Diagnosing hearing loss by yourself is basically impossible. To illustrate, you can’t really measure your level of hearing by simply putting your ear next to a speaker. So getting a hearing test will be crucial in understanding what’s happening with your hearing.
Now, before you begin sweating or anxiously fidgeting, it’s significant to point out that most hearing tests are rather easy and require nothing more challenging than wearing a pair of fancy headphones.
Alright, tests aren’t everyone’s favorite thing to do. Whether you’re a high school student or middle-aged medical patient, tests are just generally no fun. Taking some time to get to know these tests can help you feel more prepared and, therefore, more relaxed. A hearing test is probably the easiest test you’ll ever take!
How is a hearing test performed?
Talking about scheduling an appointment to get a hearing test is something that is not that unusual. And the phrase “hearing test” is something we’ve probably talked about on occasion. You may even be thinking, well, what are the 2 types of hearing tests?
Well, that’s not completely accurate. Because you may undergo a number of different kinds of hearing tests, as it turns out. Each of these tests will provide you with a particular result and is designed to measure something different. The hearing tests you’re most likely to encounter include the following:
- Pure-tone audiometry: Most people are most likely familiar with this hearing test. You put on some headphones and you listen for a sound. Hear a tone in your right ear? Raise your right hand. Hear the tone in your left ear? Same thing! This will test your ability to hear a variety of frequencies at a variety of volumes. It will also measure whether you have more significant hearing loss in one ear than the other.
- Speech audiometry: In some cases, you can hear tones really well, but hearing speech is still something of a challenge. That’s because speech is generally more complex! This test also features a pair of headphones in a quiet room. Instead of making you focus on tones, this test will be comprised of audible speech at various volumes to identify the lowest level you can hear a word and still understand it.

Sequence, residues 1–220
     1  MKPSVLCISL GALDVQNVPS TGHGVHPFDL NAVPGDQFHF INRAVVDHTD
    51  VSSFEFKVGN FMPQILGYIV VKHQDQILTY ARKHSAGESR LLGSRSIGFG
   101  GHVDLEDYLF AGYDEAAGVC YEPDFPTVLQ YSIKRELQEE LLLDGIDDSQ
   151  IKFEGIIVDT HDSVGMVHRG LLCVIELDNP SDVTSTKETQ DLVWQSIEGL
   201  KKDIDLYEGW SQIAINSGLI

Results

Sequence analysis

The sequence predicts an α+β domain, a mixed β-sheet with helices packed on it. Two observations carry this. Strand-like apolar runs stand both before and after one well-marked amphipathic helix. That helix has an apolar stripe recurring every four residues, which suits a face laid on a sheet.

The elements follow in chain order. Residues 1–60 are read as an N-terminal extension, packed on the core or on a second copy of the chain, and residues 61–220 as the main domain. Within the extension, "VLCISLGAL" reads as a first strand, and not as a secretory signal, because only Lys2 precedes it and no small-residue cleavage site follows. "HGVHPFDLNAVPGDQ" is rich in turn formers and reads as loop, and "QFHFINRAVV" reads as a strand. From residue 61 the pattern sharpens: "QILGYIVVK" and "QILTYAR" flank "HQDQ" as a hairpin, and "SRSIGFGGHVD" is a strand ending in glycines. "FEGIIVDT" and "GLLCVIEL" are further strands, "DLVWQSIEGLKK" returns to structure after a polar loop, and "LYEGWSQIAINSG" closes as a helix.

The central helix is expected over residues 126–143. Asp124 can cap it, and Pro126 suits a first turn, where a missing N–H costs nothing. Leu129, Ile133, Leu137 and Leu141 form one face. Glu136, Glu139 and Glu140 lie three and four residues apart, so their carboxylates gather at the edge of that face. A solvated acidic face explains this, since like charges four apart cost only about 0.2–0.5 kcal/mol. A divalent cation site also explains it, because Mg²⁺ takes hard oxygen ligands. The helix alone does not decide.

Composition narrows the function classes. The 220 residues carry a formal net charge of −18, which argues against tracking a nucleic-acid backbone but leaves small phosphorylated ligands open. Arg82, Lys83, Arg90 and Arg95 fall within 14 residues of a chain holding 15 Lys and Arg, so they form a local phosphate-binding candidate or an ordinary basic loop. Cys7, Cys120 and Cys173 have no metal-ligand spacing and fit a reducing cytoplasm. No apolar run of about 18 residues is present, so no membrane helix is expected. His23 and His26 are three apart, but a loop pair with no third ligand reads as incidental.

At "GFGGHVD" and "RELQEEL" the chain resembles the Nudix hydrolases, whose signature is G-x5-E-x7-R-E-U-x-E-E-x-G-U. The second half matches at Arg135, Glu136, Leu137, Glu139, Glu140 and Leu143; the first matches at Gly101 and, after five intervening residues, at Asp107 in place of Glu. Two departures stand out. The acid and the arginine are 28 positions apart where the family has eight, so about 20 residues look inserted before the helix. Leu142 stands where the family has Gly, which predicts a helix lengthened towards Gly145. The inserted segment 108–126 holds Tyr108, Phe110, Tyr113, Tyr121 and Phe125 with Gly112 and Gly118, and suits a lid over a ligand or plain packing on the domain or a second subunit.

- Speech and Noise-in-Words Tests: Obviously, conversations in the real world occur in settings where other sounds are present. A speech and noise-in-words test will go through the same procedure as speech audiometry, but the test occurs in a noisy room rather than a quiet one. This can help you determine how well your hearing is working in real-world situations.
- Bone conduction testing: How well your inner ear is functioning will be determined by this test. A small sensor is placed next to your cochlea and another is put on your forehead. Sound is then transmitted through a small device. This test tracks how well those sound vibrations move through your inner ear. This test can usually identify whether there is a blockage in your ear (ex: if you can’t hear, but your inner ear is working fine there might be some kind of obstruction blocking the sounds).